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Passive Session Hijacking: Definition and Examples

Last Updated: October 17, 2023

What is Passive Session Hijacking?

Passive session hijacking is a type of cyberattack where an attacker intercepts and collects data transmitted over a network during a user's login or session establishment process without actively engaging with the user or attempting to steal their session directly. Instead of directly targeting the session, passive session hijacking focuses on capturing sensitive information, such as login credentials, that can later be used for unauthorized access.

Examples of Passive Session Hijacking

  1. Packet Sniffing: Attackers can use network sniffing tools or techniques to capture packets of data as they traverse the network. This data can include login credentials transmitted in plain text or insufficiently protected forms. For example, if a website sends login credentials over an unencrypted HTTP connection, an attacker with access to the network traffic can easily intercept and collect these credentials.

  2. Man-in-the-Middle (MitM) Attacks: In a passive MitM attack, the attacker secretly intercepts communication between the user and the server. While the user logs in, the attacker captures the data packets containing login information. The attacker does not disrupt the user's session but collects valuable data in the process.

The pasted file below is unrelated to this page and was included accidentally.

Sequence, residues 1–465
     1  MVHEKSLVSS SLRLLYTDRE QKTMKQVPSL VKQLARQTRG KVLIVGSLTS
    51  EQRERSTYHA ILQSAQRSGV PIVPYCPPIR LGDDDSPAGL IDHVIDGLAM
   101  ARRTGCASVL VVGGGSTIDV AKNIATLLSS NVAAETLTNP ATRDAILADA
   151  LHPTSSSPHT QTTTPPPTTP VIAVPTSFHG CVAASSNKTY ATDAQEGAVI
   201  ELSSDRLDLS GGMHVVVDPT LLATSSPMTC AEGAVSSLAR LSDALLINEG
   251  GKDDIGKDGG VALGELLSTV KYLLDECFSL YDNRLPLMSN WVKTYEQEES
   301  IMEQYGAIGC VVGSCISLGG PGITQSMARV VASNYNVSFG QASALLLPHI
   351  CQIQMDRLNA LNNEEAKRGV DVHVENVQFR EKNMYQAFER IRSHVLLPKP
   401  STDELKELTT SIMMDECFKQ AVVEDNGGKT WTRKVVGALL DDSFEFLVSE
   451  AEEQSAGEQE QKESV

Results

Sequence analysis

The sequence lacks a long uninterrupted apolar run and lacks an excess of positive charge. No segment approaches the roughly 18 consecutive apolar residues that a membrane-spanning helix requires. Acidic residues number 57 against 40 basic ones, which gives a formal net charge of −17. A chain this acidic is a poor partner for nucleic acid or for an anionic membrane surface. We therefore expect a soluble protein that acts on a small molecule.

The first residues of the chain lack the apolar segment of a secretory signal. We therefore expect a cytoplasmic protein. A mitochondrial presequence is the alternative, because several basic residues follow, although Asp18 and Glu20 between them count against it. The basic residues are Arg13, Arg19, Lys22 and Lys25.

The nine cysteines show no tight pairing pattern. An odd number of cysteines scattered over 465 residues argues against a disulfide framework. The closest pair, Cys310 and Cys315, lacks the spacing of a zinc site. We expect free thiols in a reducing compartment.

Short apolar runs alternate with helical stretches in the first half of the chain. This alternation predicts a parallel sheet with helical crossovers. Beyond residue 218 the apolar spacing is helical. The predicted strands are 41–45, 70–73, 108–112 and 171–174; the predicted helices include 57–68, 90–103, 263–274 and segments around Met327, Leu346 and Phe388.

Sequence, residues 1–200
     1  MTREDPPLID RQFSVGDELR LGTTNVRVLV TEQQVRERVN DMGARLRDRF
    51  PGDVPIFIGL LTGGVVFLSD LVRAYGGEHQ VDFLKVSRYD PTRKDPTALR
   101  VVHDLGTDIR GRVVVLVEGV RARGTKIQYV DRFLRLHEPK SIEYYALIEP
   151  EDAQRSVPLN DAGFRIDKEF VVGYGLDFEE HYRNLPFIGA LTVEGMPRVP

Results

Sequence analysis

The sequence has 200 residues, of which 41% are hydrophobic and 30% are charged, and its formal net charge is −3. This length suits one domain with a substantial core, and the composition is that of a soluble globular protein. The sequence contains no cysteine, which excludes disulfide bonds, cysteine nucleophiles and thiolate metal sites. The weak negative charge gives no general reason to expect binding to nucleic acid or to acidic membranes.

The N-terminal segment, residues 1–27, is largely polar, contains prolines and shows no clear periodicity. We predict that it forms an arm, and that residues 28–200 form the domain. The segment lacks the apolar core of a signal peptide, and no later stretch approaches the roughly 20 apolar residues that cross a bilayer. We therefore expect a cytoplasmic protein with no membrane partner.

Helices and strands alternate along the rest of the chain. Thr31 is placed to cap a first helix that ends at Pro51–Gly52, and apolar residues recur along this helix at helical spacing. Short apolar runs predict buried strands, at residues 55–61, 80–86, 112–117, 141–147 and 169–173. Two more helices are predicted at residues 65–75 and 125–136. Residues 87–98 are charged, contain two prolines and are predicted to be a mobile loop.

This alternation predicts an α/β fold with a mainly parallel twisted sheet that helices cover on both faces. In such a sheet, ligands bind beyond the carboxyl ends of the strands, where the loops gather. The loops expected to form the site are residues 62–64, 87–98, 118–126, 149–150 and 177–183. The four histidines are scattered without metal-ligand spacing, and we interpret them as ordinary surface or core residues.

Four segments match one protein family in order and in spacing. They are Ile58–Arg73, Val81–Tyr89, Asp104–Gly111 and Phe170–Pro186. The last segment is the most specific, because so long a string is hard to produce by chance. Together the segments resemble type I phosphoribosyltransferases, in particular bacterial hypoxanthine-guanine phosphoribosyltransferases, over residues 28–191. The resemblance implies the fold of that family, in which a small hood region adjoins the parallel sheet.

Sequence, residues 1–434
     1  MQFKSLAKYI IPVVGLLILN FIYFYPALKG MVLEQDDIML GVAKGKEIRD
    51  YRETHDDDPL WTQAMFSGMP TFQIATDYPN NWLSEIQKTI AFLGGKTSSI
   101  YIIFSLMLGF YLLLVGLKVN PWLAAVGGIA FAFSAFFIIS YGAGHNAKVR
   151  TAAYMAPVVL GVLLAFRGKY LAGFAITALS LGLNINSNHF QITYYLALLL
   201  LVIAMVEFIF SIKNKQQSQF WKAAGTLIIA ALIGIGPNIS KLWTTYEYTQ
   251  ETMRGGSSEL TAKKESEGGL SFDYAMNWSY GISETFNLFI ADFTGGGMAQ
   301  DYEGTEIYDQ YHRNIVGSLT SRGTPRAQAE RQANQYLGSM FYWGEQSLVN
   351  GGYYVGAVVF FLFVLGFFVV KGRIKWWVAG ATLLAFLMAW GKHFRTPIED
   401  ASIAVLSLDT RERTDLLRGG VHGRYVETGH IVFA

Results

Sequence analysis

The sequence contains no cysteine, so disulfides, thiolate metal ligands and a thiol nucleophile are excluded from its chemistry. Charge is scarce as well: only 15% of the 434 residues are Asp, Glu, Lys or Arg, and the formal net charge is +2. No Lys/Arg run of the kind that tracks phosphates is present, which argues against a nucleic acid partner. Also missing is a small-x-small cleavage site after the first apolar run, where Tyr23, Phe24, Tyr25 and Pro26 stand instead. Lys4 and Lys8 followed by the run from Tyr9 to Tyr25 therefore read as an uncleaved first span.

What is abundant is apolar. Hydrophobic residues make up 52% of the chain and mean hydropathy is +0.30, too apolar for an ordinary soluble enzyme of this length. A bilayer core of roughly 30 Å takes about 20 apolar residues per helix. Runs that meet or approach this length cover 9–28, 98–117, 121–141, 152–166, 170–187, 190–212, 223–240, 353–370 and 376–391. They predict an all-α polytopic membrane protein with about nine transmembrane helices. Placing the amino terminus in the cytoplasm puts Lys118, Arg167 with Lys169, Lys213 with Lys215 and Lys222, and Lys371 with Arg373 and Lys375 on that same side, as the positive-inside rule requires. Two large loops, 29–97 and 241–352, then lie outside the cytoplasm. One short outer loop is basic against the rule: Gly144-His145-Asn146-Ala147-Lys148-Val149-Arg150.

3. Data Mining and Analysis: After collecting the intercepted data packets, the attacker can perform data mining and analysis to extract login credentials, such as usernames and passwords. They can then use these credentials to log in as the user at a later time, potentially gaining unauthorized access to the user's accounts.

  4. Wireless Eavesdropping: In scenarios where users connect to Wi-Fi networks in public places or use insecure Wi-Fi connections, attackers can leverage wireless eavesdropping techniques to passively intercept login data. This can occur in public places like coffee shops or airports, where Wi-Fi networks may not be adequately secured.

  5. Session Identifier Theft: While not as active as traditional session hijacking, attackers may still capture session identifiers (e.g., session cookies) transmitted over an insecure connection. Although this doesn't directly compromise the user's active session, it can lead to session hijacking at a later time when the attacker decides to use the stolen session identifier.

How to Protect Against Active Session Hijacking

To protect against passive session hijacking, it is crucial to use secure communication protocols, such as HTTPS, for transmitting sensitive data like login credentials. Additionally, implementing encryption and strong authentication mechanisms can help safeguard user data from interception by passive attackers. Users should be cautious when connecting to public Wi-Fi networks and use virtual private networks (VPNs) for added security when accessing sensitive information over untrusted networks.

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